The Budget also increases compliance and administration requirements in the sector to save AUD 100 million a year from fraud and money laundering.



  • Goal to build 1.2 million new homes by 2030
  • AUD 89 million over three years for 20,000 new fee-free training places in construction industry courses
  • AUD 423 million over five years from 2024–25 as additional funding to support the provision of social housing and homelessness services by states and territories
  • AUD 1 billion in 2024–25 for states and territories to build enabling infrastructure for new housing, with a focus on social housing.


The government’s investment in the Future Made in Australia strategy with its focus on solar power, batteries and hydrogen will be of benefit to the industrial property sector and particularly the specialist industrial sector, says Westpac Institutional Bank analyst Frank Allen.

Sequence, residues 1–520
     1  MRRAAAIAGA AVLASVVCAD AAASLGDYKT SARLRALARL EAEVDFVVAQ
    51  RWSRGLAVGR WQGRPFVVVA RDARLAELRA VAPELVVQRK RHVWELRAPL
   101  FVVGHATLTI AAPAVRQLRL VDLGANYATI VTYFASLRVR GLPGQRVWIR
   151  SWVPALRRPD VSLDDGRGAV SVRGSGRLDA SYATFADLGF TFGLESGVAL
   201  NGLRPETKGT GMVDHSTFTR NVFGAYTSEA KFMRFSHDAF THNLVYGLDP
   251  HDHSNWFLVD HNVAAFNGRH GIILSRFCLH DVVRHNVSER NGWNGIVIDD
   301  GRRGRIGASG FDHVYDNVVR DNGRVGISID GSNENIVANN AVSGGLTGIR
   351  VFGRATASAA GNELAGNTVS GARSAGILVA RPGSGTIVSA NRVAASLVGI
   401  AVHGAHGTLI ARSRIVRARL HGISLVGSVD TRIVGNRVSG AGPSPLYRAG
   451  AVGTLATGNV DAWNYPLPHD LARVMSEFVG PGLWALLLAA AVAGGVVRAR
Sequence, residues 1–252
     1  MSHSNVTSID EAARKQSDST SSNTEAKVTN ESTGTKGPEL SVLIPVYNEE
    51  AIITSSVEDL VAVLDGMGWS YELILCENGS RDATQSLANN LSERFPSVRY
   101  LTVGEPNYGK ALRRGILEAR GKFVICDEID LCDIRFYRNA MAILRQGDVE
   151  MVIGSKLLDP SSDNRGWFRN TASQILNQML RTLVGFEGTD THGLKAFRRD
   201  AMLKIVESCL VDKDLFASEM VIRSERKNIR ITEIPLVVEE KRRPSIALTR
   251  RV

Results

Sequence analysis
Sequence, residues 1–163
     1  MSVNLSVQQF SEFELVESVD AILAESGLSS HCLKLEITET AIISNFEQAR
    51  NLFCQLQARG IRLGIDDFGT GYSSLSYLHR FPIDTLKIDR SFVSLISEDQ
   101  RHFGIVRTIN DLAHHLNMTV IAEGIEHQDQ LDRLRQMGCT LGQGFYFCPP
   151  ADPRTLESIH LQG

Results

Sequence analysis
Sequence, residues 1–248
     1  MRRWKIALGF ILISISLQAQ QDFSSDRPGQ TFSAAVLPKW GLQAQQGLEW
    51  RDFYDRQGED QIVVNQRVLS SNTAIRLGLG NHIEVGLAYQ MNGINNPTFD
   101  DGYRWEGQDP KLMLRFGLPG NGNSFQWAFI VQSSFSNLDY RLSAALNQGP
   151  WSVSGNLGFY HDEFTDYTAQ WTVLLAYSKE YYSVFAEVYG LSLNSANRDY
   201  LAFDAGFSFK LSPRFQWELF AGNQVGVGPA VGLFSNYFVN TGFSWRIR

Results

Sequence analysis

Ironically, industrial property with very low vacancy and soaring rents is the commercial property sector least struggling under the weight of high interest rates and a slower economy.


Allen says the rest of the commercial property sector should benefit if the Government’s forecasts of inflation moving to within the RBA target range within the next year eventuate, as it should provide a level of confidence that interest rates will settle and possibly move lower over time. This should give purchasers the confidence to step back into the commercial property market and activity should pick up.


The government increased its ambitions for new homes to 1.2 million mid last year from 1 million. But Allen says while the plan to increase the construction workforce are positive, it will take a few years for the new workers the government is funding to complete their training. Additionally, construction costs remain very high which is challenging the feasibility of many medium to high rise unit projects.


The industry analysts quoted in this article are from Westpac Institutional Bank and are not independent research analysts.